Feature Article

March 09, 2011

Huddled Masses: Clearwire, Sprint and T-Mobile

Rumors are flying about the merger talks between Sprint and T-Mobile. I am not a reporter, but more of a historian, and for that reason, I have problems reacting to the news. Reality is that mergers and acquisitions at this level take very motivated people to shepherd them through. I know some of the people who make these deals and they are adept at managing motivations, both human and corporate. Let’s talk about the motivations for having the discussion. 

A key thing to remember is there are a lot of other stakeholders involved.

Clearwire: The WiMAX window has come and gone. Initial investors, such as Intel, are now actively supporting LTE, and Google has succeeded in competing with Apple with Android. So the two primary drivers that wanted to see an alternative P- based wireless standard are less motivated. While the company can still find a niche in the marketplace, the retail/wholesale insanity has to be resolved. However, regardless of the network, the spectrum is the best asset of any player and is a card that for the time being cannot be overplayed.

You may remember the strange experience of Clearwire asking Sprint, the 54 percent owner of Clearwire, to leave the room so Clearwire could talk to T-Mobile.

Sprint: Ah Sprint. What can I say about Sprint? Sprint has had a rough time making money. Its losses continue and its acquisitions are often brands that have not succeeded at breaking out, but have made enough noise to warrant keeping them. Boost, Nextel, Virgin Mobile all still exist with a base that adds to the bottom line but represents a dream of segmentation in retail and a nightmare of management in the network. The Clearwire move to me was brilliant on its part because it migrated a build out away from the day-to-day and gave a focus on a strategy for its 4G future. However, the dreams are all stalled because as my pal Richard Shockey says, “Money is the answer, now what was the question.”

T-Mobile: Is not just not another pretty face, although their new ads use a young lady (who looks sort of like Anne Hathaway) and have replaced Catherine Zeta- Jones (who replaced Jamie Lee Curtis). It’s a clever ad campaign. However the T-Mobile ad campaigns have always been less substantive than I would like, and I have written in the past about ways I would change the marketing of the one company that enabled easy worldwide roaming. For DT, the offer on the table for T-Mobile values their investments in the U.S. at about 60 percent of what they paid in 2001. Twenty-five percent of T-Mobile customers are smartphone users; but the net gains have been minor even though they were first movers to Android with their HTC and Motorola solutions.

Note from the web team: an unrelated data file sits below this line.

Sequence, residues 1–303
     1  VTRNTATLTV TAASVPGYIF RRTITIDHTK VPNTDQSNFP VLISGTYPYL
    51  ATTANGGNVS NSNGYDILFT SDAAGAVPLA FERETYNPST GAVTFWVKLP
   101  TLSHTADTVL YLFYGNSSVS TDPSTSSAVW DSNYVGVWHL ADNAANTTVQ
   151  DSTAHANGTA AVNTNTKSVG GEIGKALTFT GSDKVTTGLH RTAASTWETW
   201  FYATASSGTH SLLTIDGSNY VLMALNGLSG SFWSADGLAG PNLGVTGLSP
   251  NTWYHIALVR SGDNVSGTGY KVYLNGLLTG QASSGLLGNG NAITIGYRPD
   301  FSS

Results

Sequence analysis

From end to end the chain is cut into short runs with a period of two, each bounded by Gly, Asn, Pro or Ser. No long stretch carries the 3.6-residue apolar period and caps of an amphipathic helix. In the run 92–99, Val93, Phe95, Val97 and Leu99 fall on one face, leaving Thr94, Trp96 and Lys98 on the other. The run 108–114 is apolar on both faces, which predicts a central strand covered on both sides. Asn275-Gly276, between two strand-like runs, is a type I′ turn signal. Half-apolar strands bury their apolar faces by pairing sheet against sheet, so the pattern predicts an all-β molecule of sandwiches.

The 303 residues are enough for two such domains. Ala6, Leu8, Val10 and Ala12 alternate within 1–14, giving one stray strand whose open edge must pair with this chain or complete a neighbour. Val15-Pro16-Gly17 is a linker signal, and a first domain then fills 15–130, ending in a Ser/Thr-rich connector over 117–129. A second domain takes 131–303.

Of all the networks involved, T-Mobile has the best technology path with the migration path of HSPDA.

Behind the scenes we have a lot of other wildcards. Comcast (and the other seven cable dwarfs), Lightsquared and Microsoft all have reasons to chime in on the possibilities of mergers.

Here is the most interesting motivation. All three companies have relatively new CEOs. CEOs rarely want to be known for managing what they were given. They want to be known for what they brought to the table. This is probably the biggest reason why they are at the table. Let’s see if they can emerge from the huddle mass with a story that makes sense. 


Carl Ford is a partner at Crossfire Media.

Edited by Tammy Wolf


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